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The Faerie Queene, Book I, Canto 8
by [?]


The royall Virgin which beheld from farre,
In pensive plight, and sad perplexitie,
The whole atchievement of this doubtfull warre,
Came running fast to greet his victorie,
With sober gladnesse, and myld modestie, 230
And with sweet joyous cheare him thus bespake:
Faire braunch of noblesse, flowre of chevalrie,
That with your worth the world amazed make,
How shall I quite the paines ye suffer for my sake?


And you fresh budd of vertue springing fast, 235
Whom these sad eyes saw nigh unto deaths dore,
What hath poore Virgin for such perill past
Wherewith you to reward? Accept therefore
My simple selfe, and service evermore;
And he that high does sit, and all things see 240
With equall eyes, their merites to restore,
Behold what ye this day have done for mee,
And what I cannot quite, requite with usuree.


But sith the heavens, and your faire handeling
Have made you master of the field this day, 245
Your fortune maister[*] eke with governing,
And well begun end all so well, I pray.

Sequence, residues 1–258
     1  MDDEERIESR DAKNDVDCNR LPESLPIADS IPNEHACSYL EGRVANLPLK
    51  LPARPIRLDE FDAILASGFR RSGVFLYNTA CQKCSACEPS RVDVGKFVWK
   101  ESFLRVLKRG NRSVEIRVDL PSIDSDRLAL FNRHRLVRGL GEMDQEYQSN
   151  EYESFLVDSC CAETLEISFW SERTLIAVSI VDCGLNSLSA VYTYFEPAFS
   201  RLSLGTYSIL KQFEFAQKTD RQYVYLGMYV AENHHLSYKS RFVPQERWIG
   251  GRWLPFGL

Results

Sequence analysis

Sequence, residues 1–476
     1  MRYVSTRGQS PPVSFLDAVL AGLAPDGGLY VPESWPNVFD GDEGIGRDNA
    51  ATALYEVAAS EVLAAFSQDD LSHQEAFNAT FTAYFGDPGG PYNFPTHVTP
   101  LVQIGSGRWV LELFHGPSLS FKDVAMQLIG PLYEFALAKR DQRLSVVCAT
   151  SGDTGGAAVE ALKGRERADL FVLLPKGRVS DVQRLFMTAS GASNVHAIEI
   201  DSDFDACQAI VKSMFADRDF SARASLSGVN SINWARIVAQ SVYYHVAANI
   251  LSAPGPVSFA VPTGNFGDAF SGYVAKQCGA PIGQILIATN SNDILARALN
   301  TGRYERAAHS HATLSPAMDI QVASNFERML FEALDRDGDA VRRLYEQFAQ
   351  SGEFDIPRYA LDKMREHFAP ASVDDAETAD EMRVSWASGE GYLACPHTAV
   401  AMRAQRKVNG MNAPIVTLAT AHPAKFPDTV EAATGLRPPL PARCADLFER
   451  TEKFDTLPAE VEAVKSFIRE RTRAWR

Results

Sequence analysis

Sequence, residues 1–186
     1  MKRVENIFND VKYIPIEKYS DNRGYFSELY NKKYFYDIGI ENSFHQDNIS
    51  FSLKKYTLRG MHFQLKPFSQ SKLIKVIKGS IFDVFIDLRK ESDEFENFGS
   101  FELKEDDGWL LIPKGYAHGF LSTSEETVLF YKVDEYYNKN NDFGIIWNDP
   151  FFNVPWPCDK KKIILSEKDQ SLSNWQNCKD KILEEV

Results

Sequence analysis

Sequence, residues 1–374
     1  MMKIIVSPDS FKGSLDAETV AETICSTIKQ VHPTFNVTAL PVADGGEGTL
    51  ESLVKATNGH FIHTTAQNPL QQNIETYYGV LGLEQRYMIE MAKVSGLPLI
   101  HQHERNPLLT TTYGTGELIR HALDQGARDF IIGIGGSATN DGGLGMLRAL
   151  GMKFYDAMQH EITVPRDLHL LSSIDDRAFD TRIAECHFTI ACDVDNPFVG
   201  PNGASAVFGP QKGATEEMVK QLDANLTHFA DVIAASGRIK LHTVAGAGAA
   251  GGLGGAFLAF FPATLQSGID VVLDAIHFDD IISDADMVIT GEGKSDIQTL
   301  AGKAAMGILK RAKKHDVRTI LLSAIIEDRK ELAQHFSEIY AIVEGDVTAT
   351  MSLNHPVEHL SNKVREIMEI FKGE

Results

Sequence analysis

Ne let that wicked woman scape away;
For she it is, that did my Lord bethrall,
My dearest Lord, and deepe in dongeon lay, 250
Where he his better dayes hath wasted all.
O heare, how piteous he to you for ayd does call.


Forthwith he gave in charge unto his Squire,
That scarlot whore to keepen carefully;
Whiles he himselfe with greedie great desire 255
Into the Castle entred forcibly,
Where living creature none he did espye;
Then gan he lowdly through the house to call:
But no man car’d to answere to his crye.
There raignd a solemne silence over all, 260
Nor voice was heard, nor wight was seene in bowre or hall.


At last with creeping crooked pace forth came
An old old man, with beard as white as snow,
That on a staffe his feeble steps did frame,
And guide his wearie gate both to and fro: 265
For his eye sight him failed long ygo,
And on his arme a bounch of keyes he bore,
The which unused rust[*] did overgrow:
Those were the keyes of every inner dore,
But he could not them use, but kept them still in store. 270


But very uncouth sight was to behold,
How he did fashion his untoward pace,
For as he forward moov’d his footing old,
So backward still was turnd his wrincled face,
Unlike to men, who ever as they trace, 275
Both feet and face one way are wont to lead.
This was the auncient keeper of that place,
And foster father of the Gyant dead;
His name Ignaro did his nature right aread.


His reverend haires and holy gravitie 280
The knight much honord, as beseemed well,
And gently askt, where all the people bee,
Which in that stately building wont to dwell.
Who answerd him full soft, he could not tell.
Again he askt, where that same knight was layd, 285
Whom great Orgoglio with his puissance fell
Had made his caytive thrall, againe he sayde,
He could not tell: ne ever other answere made.